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Why are Educated and Risk-Loving Persons More Mobile Across Regions

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Author Info

  • Stefan Bauernschuster
  • Oliver Falck
  • Stephan Heblich
  • Jens Suedekum

Abstract

Why are better educated and more risk-friendly persons more mobile across regions? To answer this question, we use micro data on internal migrants from the German Socio-Economic Panel (SOEP) 2000–2006 and merge this information with a unique proxy for region-pair-specific cultural distances across German regions constructed from historical local dialect patterns. Our findings indicate that risk-loving and skilled people are more mobile over longer distances because they are more willing to cross cultural boundaries and move to regions that are culturally different from their homes. Other types of distance-related migration costs cannot explain the lower distance sensitivity of educated and risk-loving individuals.

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Bibliographic Info

Paper provided by CESifo Group Munich in its series CESifo Working Paper Series with number 3938.

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Date of creation: 2012
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Handle: RePEc:ces:ceswps:_3938

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Keywords: migration; culture; distance; human capital; risk attitudes;

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References

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  1. David A. Jaeger & Holger Bonin & Thomas Dohmen & Armin Falk & David Huffman & Uwe Sunde, 2007. "Direct Evidence on Risk Attitudes and Migration," CReAM Discussion Paper Series 0703, Centre for Research and Analysis of Migration (CReAM), Department of Economics, University College London.
  2. repec:hal:journl:halshs-00641280 is not listed on IDEAS
  3. Jacques Melitz, 2003. "Language and Foreign Trade," Working Papers 2003-26, Centre de Recherche en Economie et Statistique.
  4. Felbermayr, Gabriel & Toubal, Farid, 2006. "Cultural proximity and trade," Tübinger Diskussionsbeiträge 305, University of Tübingen, School of Business and Economics.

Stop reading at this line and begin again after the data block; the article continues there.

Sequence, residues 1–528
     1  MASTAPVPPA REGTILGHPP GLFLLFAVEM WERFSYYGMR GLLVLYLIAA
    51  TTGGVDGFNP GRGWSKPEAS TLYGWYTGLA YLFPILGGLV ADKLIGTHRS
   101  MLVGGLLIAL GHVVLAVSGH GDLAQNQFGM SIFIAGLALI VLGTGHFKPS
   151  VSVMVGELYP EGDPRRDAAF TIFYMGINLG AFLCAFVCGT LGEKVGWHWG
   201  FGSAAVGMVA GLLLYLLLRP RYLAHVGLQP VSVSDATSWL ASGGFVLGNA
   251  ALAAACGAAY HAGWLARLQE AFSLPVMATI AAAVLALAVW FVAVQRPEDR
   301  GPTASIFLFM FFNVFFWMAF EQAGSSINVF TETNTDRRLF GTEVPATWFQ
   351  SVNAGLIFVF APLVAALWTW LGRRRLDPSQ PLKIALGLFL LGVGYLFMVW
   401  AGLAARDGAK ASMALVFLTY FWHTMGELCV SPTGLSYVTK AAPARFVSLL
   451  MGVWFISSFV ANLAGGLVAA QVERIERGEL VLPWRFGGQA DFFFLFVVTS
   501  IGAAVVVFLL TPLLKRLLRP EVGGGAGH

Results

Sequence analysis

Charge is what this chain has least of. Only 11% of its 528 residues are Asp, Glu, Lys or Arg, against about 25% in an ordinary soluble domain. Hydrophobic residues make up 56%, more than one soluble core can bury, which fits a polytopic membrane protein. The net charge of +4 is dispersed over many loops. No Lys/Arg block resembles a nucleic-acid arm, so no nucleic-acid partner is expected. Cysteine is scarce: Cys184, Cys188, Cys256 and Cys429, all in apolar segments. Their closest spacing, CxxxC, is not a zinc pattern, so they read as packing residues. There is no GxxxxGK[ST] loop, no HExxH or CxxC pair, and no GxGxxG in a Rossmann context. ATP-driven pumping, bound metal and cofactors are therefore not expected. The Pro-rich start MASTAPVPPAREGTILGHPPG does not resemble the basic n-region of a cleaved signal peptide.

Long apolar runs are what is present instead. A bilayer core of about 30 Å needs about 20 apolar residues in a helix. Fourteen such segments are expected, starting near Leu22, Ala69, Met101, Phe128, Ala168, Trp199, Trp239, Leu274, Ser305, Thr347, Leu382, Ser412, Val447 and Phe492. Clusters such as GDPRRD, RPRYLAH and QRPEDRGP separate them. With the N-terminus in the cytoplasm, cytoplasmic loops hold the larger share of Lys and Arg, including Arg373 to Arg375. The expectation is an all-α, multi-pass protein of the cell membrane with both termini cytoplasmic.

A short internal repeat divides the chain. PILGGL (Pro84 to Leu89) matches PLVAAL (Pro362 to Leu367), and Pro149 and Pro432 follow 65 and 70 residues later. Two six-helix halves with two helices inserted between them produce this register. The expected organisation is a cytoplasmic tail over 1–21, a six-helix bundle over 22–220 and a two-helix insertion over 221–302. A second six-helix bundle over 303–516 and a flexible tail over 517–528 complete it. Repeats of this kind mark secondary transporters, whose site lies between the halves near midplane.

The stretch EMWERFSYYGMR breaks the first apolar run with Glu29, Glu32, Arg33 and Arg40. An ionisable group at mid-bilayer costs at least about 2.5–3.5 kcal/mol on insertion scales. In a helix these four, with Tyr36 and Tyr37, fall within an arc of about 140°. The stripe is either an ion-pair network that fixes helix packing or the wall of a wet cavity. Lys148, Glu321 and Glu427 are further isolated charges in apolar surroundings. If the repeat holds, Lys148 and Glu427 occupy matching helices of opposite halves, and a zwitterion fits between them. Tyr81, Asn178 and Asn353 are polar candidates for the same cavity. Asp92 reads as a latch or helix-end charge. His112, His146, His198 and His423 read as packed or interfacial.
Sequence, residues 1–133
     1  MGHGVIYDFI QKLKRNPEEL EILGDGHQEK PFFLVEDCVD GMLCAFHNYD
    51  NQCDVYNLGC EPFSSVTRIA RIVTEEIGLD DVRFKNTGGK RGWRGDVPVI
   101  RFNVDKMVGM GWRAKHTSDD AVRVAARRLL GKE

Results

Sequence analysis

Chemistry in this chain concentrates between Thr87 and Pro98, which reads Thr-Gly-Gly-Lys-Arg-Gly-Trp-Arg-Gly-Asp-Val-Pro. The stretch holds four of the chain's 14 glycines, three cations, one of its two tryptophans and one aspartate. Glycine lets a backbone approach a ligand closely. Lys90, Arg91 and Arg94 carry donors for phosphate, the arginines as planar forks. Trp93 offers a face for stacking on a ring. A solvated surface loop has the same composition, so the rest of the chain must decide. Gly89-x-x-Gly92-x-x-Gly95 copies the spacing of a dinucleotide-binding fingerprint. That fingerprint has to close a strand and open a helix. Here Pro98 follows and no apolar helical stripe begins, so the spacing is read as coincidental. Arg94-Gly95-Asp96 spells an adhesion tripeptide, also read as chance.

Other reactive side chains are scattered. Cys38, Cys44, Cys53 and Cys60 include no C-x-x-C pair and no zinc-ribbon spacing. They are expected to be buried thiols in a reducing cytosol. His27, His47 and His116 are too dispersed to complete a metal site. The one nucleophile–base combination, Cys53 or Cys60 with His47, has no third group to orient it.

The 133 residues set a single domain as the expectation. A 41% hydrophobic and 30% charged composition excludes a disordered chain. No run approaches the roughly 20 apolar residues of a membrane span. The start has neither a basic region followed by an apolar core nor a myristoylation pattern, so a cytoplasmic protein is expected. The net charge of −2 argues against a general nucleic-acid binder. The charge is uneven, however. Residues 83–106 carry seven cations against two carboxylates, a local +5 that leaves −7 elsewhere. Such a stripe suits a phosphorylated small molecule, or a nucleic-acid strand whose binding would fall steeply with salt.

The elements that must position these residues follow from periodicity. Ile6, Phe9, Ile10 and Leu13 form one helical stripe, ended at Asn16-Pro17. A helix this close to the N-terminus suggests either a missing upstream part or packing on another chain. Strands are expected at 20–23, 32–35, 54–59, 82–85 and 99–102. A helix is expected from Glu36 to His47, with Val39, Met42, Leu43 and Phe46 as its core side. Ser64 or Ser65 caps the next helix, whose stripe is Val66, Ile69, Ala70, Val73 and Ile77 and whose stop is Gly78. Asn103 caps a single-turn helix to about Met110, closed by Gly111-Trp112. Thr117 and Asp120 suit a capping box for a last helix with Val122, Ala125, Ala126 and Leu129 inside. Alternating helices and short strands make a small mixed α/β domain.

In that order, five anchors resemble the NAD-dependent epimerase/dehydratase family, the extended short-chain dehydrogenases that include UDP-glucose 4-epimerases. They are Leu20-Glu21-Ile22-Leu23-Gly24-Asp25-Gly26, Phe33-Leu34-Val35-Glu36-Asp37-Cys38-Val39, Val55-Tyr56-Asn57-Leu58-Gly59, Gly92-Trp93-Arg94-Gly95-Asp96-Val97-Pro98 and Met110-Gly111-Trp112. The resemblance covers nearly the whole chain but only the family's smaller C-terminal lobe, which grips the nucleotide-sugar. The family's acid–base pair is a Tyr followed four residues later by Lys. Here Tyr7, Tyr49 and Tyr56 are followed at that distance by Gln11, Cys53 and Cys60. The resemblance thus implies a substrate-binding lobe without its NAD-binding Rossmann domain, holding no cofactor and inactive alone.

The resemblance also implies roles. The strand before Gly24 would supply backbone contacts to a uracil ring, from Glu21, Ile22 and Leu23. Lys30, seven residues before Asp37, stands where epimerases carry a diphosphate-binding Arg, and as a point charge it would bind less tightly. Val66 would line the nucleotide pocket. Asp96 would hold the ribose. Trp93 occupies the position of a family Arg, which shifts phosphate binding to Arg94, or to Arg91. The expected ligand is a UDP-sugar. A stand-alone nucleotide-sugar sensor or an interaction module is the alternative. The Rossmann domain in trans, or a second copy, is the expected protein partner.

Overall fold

5. Falck, Oliver & Heblich, Stephan & Lameli, Alfred & Südekum, Jens, 2012. "Dialects, cultural identity, and economic exchange," Journal of Urban Economics, Elsevier, vol. 72(2), pages 225-239.
  6. Jeffrey Grogger, 2011. "Speech Patterns and Racial Wage Inequality," Journal of Human Resources, University of Wisconsin Press, vol. 46(1), pages 1-25.
  7. Luigi Guiso & Paola Sapienza & Luigi Zingales, 2004. "Cultural Biases in Economic Exchange," NBER Working Papers 11005, National Bureau of Economic Research, Inc.
  8. Stephen Machin & Panu Pelkonen & Kjell Salvanes, 2008. "Education and mobility," LSE Research Online Documents on Economics 28277, London School of Economics and Political Science, LSE Library.
  9. Gordon Dahl, 1997. "Mobility and the Returns to Education: Testing A Roy Model With Multiple Markets," Working Papers 760, Princeton University, Department of Economics, Industrial Relations Section..
  10. Jennifer Hunt, 2004. "Are Migrants More Skilled than Non-Migrants? Repeat, Return and Same-Employer Migrants," NBER Working Papers 10633, National Bureau of Economic Research, Inc.
  11. Victor Ginsburgh & Shlomo Weber, 2011. "How many languages do we need? The economics of Linguistic Diversity," ULB Institutional Repository 2013/152424, ULB -- Universite Libre de Bruxelles.
  12. Edward L. Glaeser & David C. Mare, 1994. "Cities and Skills," NBER Working Papers 4728, National Bureau of Economic Research, Inc.
  13. Stelios Michalopoulos, 2009. "The Origins of Ethnolinguistic Diversity," Carlo Alberto Notebooks 110, Collegio Carlo Alberto.
  14. Ofer Malamud & Abigail Wozniak, 2012. "The Impact of College on Migration: Evidence from the Vietnam Generation," Journal of Human Resources, University of Wisconsin Press, vol. 47(4), pages 913-950.
  15. Molloy, Raven & Smith, Christopher L. & Wozniak, Abigail, 2011. "Internal Migration in the United States," IZA Discussion Papers 5903, Institute for the Study of Labor (IZA).
  16. Peri, Giovanni, 2002. "Young workers, learning, and agglomerations," Journal of Urban Economics, Elsevier, vol. 52(3), pages 582-607, November.
  17. Schwartz, Aba, 1973. "Interpreting the Effect of Distance on Migration," Journal of Political Economy, University of Chicago Press, vol. 81(5), pages 1153-69, Sept.-Oct.
  18. Guido Tabellini, 2008. "Presidential Address Institutions and Culture," Journal of the European Economic Association, MIT Press, vol. 6(2-3), pages 255-294, 04-05.
  19. Gert G. Wagner & Joachim R. Frick & Jürgen Schupp, 2007. "The German Socio-Economic Panel Study (SOEP): Scope, Evolution and Enhancements," SOEPpapers on Multidisciplinary Panel Data Research 1, DIW Berlin, The German Socio-Economic Panel (SOEP).
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Cited by:
  1. Stefan Bauernschuster & Oliver Falck, 2014. "Culture, Spatial Diffusion of Ideas and their Long-Lasting Imprints - Evidence from Froebel's Kindergarten Movement," CESifo Working Paper Series 4749, CESifo Group Munich.
  2. Nina Neubecker, 2013. "Low Occupational Prestige and Internal Migration in Germany," SOEPpapers on Multidisciplinary Panel Data Research 562, DIW Berlin, The German Socio-Economic Panel (SOEP).

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